Climate Change and Environment
The government has passed legislation committing New Zealand to being net zero in climate change emissions by 2050 (Zero Carbon Act).
A report by Thinkstep shows that the construction and operation of buildings is responsible for around 20% of our domestic emissions. About half of these emissions come from construction in concrete and steel, which both have high levels of embodied carbon. This is because steel and concrete require large amounts of fossil fuel energy for their extraction, the chemical manufacturing process and in their transport.
The role of forestry and locally manufactured wood products in mitigating climate change includes:
- sequestering CO2 from the atmosphere through forests
- reducing the emission of 10% of embodied carbon in buildings
Forecasting by Deloitte indicates that changing market share to wood by 25% would result in 920,000 tonnes of CO2 being sequestered annually.
Research by University of Canterbury, Victoria University and Scion helped establish that New Zealand could become carbon neutral in building structures if wood’s market share increased by 67% instead of 25%.
Comparing CO2 Emissions of Building Materials
Both steel and concrete each account for an estimated 5 per cent of embodied CO2 emissions globally. Worldwide steel production currently totals about 1.5 billion tonnes per year. CO2 emissions of each building material are calculated by the energy source used in manufacturing, and transportation mileage. Average emissions per tonne are:
- Steel - 1.9 tonnes of CO2
- Concrete - 0.45 tonnes of CO2
- By contrast, 1 tonne of wood sequesters 1.7 tonnes of CO2
The construction industry is a large contributor to CO2 emissions. In Europe, buildings are responsible for 40% of total energy consumption and a third of CO2 emissions.
According to the Intergovernmental Panel on Climate Change (IPCC) and the United Nations Environment Programme (UNEP) Sustainable Building and Construction Initiative (SBCI), buildings have the largest estimated economic mitigation potential for emissions reduction (both embodied and operational), among the sector solutions investigated.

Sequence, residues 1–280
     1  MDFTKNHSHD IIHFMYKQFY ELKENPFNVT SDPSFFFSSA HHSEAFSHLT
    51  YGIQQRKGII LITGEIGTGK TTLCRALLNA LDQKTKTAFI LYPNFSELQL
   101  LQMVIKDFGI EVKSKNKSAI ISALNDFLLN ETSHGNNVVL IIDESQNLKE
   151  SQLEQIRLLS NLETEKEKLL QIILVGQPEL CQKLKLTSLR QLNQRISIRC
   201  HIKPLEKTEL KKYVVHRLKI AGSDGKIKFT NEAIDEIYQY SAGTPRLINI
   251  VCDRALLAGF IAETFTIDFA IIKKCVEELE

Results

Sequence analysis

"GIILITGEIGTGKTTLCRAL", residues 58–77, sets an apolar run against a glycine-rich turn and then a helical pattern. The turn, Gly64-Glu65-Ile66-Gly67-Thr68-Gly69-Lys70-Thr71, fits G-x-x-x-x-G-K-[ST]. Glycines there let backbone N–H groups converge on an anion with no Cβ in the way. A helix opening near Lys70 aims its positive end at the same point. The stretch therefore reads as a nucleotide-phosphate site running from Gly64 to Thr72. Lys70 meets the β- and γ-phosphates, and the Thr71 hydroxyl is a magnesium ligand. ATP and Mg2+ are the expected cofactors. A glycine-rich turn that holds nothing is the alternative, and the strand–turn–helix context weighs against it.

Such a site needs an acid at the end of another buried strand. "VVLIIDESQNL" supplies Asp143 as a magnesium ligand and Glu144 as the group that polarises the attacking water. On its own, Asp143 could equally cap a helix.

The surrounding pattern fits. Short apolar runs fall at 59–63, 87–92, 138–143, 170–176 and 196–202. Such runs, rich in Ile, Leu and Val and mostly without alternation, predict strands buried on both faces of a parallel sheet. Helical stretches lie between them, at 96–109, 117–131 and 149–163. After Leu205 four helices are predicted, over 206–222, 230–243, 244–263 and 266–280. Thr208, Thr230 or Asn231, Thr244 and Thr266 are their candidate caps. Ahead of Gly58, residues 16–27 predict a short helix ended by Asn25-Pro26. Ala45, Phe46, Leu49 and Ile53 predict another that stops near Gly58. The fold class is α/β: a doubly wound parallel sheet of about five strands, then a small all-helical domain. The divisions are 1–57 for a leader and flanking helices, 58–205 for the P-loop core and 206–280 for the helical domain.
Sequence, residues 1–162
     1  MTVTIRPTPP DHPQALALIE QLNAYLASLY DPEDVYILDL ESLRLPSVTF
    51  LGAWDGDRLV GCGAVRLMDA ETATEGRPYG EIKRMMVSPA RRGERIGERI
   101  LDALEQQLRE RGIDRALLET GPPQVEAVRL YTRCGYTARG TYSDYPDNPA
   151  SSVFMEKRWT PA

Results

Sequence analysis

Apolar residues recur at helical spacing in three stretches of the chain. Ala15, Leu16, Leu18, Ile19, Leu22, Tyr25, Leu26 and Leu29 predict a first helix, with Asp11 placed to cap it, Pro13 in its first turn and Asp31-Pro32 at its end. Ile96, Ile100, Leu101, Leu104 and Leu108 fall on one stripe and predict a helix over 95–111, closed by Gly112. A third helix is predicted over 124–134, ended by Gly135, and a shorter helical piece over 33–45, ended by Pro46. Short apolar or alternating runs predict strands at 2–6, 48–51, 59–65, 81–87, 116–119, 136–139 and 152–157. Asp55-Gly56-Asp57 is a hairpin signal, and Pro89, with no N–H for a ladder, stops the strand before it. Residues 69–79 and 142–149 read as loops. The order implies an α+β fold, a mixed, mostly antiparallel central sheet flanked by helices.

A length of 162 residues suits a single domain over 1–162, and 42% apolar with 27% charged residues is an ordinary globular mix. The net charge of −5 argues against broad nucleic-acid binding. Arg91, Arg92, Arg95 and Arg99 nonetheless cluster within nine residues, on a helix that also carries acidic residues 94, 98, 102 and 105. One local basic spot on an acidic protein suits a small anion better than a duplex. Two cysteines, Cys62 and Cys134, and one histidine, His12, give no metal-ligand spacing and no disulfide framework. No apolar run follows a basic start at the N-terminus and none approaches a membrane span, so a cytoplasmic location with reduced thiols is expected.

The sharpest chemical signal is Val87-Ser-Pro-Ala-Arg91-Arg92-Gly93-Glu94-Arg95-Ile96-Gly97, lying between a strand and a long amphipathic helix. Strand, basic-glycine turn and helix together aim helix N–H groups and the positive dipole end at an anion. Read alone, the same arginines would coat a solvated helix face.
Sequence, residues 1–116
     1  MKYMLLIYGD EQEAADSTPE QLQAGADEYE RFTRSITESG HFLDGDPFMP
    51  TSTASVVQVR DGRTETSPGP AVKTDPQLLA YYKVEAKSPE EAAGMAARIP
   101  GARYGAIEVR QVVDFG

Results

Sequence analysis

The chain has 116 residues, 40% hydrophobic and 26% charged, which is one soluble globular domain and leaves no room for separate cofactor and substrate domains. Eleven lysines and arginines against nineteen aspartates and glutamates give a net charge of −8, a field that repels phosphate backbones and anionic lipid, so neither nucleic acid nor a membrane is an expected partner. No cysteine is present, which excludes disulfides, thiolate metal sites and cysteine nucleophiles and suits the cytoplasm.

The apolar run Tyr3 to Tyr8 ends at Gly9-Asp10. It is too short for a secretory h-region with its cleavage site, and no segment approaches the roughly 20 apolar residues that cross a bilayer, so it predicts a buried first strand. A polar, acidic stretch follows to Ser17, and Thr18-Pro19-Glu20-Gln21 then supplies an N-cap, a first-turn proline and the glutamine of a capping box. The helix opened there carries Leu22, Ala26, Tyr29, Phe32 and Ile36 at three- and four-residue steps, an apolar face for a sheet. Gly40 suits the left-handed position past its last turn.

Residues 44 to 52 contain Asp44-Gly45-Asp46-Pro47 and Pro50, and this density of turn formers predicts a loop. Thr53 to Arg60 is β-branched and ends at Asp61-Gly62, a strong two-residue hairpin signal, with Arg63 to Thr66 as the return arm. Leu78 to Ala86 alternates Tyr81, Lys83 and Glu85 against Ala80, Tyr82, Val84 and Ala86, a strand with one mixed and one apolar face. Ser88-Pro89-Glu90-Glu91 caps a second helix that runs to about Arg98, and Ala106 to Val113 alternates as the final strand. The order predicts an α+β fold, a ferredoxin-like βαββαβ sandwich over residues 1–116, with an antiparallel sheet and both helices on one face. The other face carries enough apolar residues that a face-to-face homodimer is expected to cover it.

When replacing concrete and steel with wood, the net CO2 benefit compounds because wood prevents emissions while creating sequestration. This compounded benefit can be seen in the following graphic.
Greenhouse Gas displaced (CO2 mt) per wood used (dry mt)
Analysing actual buildings and the amount of CO2 that would be emitted or sequestered according to the building materials used, demonstrates the benefits of substituting steel and concrete with wood.
Below are the findings of a comprehensive 2008 study by University of Canterbury, in conjunction with Victoria University of Wellington and Scion, which analysed a 6-storey 4,200m2 building.
Tonnes of CO2 emitted by Building Materials for Differing Structures
|Steel Multi-Storey Building||Timber Multi-Storey Building||Concrete Multi-Storey Building|
|Total Structure CO2||1,004||-449||999|
|Diff to Timber||1,453 tonnes||1,448 tonnes|
The CO2 emissions saved from using wood instead of steel and concrete is 0.34 tonnes (340 kg) of CO2 per m2 of floor area.
International research and experience show that fire resistance, structural integrity, speed of construction, safety, cost and economic benefits, in addition to environmental attributes make new multi-storey mass timber buildings among the most innovative structures in the world. The aesthetic, biophilic, and other benefits of using wood offer market appeal that can lift a building’s value.
In a fire, mass-timber chars on the outside while retaining strength, slowing burning and allowing time for occupants to evacuate. Mass-timber is predictable when exposed to fire. Testing by North American engineers and building research institutions and their New Zealand counterparts has shown that a 17.8cm thick wall of CLT typically lasts for over 3 hours.